Every so often, someone asks if it’s a good idea to upgrade their factory-installed stereo system by swapping out the original subwoofer with a new one. We aren’t talking about building a new enclosure and adding a dedicated amplifier. They want to put a different 6-, 8- or 10-inch in the factory location and connect it to the OE amplifier. The answer to whether or not this is a good idea depends on a lot of variables. Let’s dive in and analyze this in more detail.
Potential Issue One: Speaker Impedance
Many factory-installed subwoofers have non-standard impedances. The driver may have dual 1-ohm coils or a single half-ohm winding. Thankfully, there are hundreds of different subwoofers on the market. If your installer has the tools to check the original sub, a solution with the same impedance might be an option. One caveat is that if you’ve damaged the woofer and need a replacement, measuring the impedance might not be an option. You can’t guess at this, and online resources like Mitchell1 ProDemand don’t typically include specifications for the woofer impedance.
Potential Issue Two: Subwoofer Dimensions
There’s always the question of “Will it fit?” Most aftermarket subwoofers are physically deeper than their factory-installed counterparts. This extra depth often results from a large magnet assembly and deeper baskets that allow for increased excursion. If there’s a solution with the right impedance and there’s enough depth in the enclosure, then your installer can move on to issues three and four.
Potential Issue Three: Enclosure Design Parameters
For some unknown reason, many original equipment subwoofers are installed in small sealed enclosures. Perhaps the reduced physical size of the enclosure helps to save weight in the vehicle – a crucial consideration for vehicle manufacturers. A vented enclosure would offer better efficiency and more extension. Nevertheless, the enclosures are what they are. If you plan to replace the speaker used in the enclosure, your installer needs to calculate the volume or design of the enclosure and verify that the proposed replacement will work in that space.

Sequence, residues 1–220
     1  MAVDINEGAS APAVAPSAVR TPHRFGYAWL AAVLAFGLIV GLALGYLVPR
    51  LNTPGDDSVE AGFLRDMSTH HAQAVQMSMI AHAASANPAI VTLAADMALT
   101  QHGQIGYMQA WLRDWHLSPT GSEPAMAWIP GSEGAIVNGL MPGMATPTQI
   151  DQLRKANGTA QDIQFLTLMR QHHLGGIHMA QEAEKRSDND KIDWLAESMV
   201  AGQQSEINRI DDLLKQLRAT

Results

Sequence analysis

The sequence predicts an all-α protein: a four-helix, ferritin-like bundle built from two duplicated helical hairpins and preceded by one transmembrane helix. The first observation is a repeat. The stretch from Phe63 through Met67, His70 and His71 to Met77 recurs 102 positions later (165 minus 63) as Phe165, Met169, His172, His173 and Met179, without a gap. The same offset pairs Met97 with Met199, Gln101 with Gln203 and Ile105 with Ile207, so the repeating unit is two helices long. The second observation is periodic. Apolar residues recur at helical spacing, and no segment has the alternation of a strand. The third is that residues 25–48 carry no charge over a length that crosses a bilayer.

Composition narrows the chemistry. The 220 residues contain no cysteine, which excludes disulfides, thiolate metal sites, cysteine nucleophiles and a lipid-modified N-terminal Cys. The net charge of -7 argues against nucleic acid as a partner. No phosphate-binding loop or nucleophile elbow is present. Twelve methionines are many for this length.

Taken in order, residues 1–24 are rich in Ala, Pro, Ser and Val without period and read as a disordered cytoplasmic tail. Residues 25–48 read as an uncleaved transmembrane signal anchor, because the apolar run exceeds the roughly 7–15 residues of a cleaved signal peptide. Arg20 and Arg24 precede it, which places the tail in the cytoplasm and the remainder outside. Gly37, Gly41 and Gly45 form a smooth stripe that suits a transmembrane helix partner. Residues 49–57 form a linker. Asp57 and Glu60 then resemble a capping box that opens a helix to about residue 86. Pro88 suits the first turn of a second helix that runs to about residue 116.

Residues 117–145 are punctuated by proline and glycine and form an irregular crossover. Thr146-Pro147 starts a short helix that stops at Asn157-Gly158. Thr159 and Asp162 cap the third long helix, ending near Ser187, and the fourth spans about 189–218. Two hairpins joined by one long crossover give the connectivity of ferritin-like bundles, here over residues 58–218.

Potential Issue Four: Frequency Response and Efficiency
Though a bit of a generalization, most aftermarket subwoofers are designed to provide good low-frequency extension and do so by sacrificing some upper-bass output or overall efficiency. Suppose your installer were to find a woofer of the correct impedance that would fit and work with the provided enclosure. In that case, there’s the risk that the output characteristics of the new driver may not blend with the rest of the speakers in the audio system. Sure, you might increase your output by a few decibels at 40 or 45 Hz, but the system might have a dip in the response at 70 or 80 Hz where it blends with the speakers reproducing midbass frequencies. It’s far more likely that an aftermarket woofer will be less efficient and will need a dedicated amplifier to reach the same output level. You’ll get more deep bass, but you’ll need more power.
How To Upgrade an Audio System with a Factory-installed Subwoofer
If you want to be guaranteed that the money you’ll invest will be worthwhile, then you need to include an amplifier and preferably some sort of equalization solution with your upgraded subwoofer. Assuming the sub you have in mind will fit and perform well in the enclosure, the new amplifier will let your installer adjust the bass level to suit your listening preferences. The equalizer for the subwoofer can then be used to compensate for frequency response in the audio signal produced by the factory amplifier or variations in output from the new driver you’ve chosen.
It may be simpler to use a different enclosure. The odds are good that the optimized design of a vented enclosure of the correct volume and tuning frequency will result in much deeper and more accurate bass production.
Drop by your local specialty mobile enhancement retailer today to find out how you can upgrade the subwoofer in your car, truck or SUV. If space is at a premium, they may be able to use a factory-installed subwoofer enclosure or construct a new enclosure that fits into the same space.
This article is written and produced by the team at www.BestCarAudio.com. Reproduction or use of any kind is prohibited without the express written permission of 1sixty8 media.